at via dell'Oca 27.  This woman reflected my mood that day.
















One of the restaurants she frequented was just below her apartment backing onto the piazza, but I was there on its weekly day of closure.

Building where the gallery
"La Nuova Pesa" - which
exhibited Morrow's work -  is
now located on an upper floor,
via del Corso.
I also tried to find the gallery where Bill Morrow had a major exhibition.  It still exists (or rather has been revived), but in a totally different location - actually one quite close to via dell' Oca 27 on via del Corso.

Instead of artisan shops, one now finds
high-priced boutiques on via Frattina,
but also a plaque indicating James
Joyce lived here.
I also tried to find the stationery shop where Morante bought her particular notebooks, on via Frattina near the Spanish Steps.  It no longer is there, replaced by upscale clothing boutiques.  The address in Prati to which it supposedly relocated and should still be, seems now to be a Chinese-run housewares store.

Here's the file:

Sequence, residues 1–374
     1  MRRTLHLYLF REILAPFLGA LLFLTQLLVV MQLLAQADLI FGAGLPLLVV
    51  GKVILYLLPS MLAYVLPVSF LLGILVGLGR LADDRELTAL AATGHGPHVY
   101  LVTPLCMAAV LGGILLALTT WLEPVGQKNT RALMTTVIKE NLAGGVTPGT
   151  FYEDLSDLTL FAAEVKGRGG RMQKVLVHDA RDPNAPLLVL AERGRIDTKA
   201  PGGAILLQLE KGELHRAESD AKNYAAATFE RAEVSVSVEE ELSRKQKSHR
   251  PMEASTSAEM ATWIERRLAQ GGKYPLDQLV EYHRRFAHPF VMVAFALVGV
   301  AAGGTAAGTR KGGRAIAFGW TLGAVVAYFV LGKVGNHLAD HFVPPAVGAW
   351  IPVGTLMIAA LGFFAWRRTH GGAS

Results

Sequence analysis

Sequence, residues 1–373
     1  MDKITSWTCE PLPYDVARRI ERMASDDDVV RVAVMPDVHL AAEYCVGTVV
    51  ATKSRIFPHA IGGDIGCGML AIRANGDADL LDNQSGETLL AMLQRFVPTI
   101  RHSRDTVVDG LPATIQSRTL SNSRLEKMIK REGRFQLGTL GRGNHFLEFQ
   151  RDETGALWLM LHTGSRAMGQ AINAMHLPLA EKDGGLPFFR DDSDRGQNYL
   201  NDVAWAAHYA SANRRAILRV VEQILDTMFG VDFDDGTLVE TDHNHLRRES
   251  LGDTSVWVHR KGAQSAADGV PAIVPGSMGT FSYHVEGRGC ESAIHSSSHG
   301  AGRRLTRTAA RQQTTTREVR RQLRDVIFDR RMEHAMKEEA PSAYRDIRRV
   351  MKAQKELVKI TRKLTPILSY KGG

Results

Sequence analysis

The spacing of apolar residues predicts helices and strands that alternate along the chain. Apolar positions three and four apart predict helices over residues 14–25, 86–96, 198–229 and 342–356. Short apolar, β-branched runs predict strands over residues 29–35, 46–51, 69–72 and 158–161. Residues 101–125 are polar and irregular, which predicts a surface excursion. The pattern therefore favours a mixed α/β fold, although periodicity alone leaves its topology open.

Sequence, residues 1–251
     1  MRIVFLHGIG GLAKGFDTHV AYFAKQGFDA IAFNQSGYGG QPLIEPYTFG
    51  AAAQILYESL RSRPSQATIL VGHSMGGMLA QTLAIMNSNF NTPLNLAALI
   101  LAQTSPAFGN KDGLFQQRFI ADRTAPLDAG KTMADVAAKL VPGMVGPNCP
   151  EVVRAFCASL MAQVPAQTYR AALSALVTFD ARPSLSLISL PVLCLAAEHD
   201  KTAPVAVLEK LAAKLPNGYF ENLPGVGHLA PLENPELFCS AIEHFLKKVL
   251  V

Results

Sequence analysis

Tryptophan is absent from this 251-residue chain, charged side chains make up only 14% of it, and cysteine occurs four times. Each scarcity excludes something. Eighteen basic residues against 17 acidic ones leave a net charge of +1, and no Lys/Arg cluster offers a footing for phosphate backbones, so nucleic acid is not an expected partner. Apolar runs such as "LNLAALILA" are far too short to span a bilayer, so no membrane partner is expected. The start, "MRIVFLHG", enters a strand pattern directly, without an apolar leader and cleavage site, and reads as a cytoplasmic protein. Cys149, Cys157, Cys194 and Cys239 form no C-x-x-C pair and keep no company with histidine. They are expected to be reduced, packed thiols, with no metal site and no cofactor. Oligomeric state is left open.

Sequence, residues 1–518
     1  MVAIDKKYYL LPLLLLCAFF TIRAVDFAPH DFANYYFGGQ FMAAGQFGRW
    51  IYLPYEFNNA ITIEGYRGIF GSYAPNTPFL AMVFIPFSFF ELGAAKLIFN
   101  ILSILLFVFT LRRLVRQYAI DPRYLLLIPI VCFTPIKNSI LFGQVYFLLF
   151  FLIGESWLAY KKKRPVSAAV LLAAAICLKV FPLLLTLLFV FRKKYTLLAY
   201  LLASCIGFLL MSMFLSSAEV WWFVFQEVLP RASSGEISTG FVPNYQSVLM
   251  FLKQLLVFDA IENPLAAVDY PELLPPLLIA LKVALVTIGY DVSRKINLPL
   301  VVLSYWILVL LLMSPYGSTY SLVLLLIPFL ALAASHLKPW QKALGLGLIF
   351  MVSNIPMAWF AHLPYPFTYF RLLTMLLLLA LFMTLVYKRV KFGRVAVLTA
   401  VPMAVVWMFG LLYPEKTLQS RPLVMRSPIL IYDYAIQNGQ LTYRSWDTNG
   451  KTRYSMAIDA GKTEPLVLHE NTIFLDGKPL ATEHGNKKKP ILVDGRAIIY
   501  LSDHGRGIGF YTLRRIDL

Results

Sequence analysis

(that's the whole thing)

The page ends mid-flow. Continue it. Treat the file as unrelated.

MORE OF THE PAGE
via Margutta still looks pretty, perhaps as it
did in Morante's day.









Morante spent time on the once (and sort-of-still artsy street of via Margutta (where Gregory Peck had his studio in Roman Holiday), but I saw mostly digital companies there.
but this is the type of enterprise one
sees most of these days.











She also spent a lot of time on via del Corso, which runs in a straight line from Piazza Venezia to Piazza del Popolo, but it's now mostly a tacky tourist shopping street, and I can't imagine she would find it appealing.